Structural classification names and divides joints according to how the bones are connected to each other. There are three structural classifications of joints
three structural classifications of joints
fibrous joint - joined by dense irregular connective tissue that is rich in collagen fibers cartilaginous joint - joined by cartilage synovial joint - not directly joined - the bones have a synovial cavity and are united by the dense irregular connective tissue that forms the articular capsule that is normally associated with accessory ligaments.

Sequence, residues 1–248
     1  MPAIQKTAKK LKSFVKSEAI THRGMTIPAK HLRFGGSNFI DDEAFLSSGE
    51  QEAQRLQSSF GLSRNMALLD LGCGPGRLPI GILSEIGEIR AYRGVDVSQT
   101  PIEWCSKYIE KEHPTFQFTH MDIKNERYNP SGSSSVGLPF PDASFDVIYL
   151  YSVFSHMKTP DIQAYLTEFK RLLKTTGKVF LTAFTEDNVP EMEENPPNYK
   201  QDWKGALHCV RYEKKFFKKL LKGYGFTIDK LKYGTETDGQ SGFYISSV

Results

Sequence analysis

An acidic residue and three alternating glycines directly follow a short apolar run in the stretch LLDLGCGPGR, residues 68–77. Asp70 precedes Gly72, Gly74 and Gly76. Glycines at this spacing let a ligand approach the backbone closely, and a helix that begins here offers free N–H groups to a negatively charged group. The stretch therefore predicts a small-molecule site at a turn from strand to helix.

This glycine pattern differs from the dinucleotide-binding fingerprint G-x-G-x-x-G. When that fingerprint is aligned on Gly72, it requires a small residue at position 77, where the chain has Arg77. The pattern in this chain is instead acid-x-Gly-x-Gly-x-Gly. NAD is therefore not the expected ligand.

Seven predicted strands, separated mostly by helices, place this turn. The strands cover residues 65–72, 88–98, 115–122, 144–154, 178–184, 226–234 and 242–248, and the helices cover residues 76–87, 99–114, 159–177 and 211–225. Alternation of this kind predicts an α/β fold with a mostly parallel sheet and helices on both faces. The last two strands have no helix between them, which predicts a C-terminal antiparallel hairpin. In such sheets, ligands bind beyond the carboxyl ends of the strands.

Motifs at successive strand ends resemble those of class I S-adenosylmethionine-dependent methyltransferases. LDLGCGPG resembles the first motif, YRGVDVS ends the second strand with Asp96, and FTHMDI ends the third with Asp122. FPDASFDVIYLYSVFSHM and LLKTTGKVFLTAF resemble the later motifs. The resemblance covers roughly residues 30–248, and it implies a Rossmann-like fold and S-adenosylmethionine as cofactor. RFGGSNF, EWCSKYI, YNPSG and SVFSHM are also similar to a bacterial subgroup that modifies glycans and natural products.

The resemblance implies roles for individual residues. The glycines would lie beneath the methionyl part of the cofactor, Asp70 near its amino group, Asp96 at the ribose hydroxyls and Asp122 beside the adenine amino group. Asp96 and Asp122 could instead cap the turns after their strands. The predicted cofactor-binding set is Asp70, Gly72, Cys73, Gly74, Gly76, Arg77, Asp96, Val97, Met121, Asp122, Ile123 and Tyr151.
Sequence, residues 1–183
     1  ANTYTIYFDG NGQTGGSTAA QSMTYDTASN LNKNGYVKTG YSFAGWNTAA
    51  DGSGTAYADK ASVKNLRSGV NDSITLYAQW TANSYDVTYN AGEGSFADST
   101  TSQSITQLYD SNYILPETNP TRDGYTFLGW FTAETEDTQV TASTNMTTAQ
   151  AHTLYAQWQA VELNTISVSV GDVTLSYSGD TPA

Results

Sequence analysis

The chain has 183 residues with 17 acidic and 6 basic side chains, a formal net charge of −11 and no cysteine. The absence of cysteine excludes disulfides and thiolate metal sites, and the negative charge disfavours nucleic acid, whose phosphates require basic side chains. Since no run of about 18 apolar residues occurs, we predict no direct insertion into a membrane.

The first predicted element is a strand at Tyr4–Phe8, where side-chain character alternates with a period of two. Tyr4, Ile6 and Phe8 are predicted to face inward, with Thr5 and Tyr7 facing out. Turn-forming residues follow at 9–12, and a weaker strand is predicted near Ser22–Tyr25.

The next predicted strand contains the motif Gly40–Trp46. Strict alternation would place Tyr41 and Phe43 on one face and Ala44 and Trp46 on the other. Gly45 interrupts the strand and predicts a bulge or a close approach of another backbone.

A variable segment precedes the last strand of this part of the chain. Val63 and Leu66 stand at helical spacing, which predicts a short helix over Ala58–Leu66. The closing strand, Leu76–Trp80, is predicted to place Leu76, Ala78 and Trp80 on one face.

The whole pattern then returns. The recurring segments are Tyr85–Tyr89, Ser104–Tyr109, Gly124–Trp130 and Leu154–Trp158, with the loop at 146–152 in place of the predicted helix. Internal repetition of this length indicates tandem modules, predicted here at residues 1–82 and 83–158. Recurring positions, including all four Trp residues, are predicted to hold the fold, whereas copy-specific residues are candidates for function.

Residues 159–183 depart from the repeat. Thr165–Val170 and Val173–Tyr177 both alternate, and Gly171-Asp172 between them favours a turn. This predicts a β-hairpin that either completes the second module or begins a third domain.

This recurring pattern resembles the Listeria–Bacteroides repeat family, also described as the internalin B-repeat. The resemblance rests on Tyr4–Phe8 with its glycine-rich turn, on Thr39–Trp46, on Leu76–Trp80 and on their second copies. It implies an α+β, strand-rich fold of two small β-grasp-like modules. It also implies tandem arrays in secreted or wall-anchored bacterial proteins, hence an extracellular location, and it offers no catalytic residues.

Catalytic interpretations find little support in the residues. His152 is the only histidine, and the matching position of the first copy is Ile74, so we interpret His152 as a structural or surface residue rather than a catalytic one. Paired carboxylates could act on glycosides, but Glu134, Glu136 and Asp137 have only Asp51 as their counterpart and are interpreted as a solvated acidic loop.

Joints can also be classified functionally, by the degree of mobility they allow
three functional classifications of joints
synarthrosis - permits little or no mobility. Most synarthrosis joints are fibrous joints (e.g., skull sutures).amphiarthrosis - permits slight mobility. Most amphiarthrosis joints are cartilaginous joints (e.g., vertebrae).diarthrosis - permits a variety of movements. All diarthrosis joints are synovial joints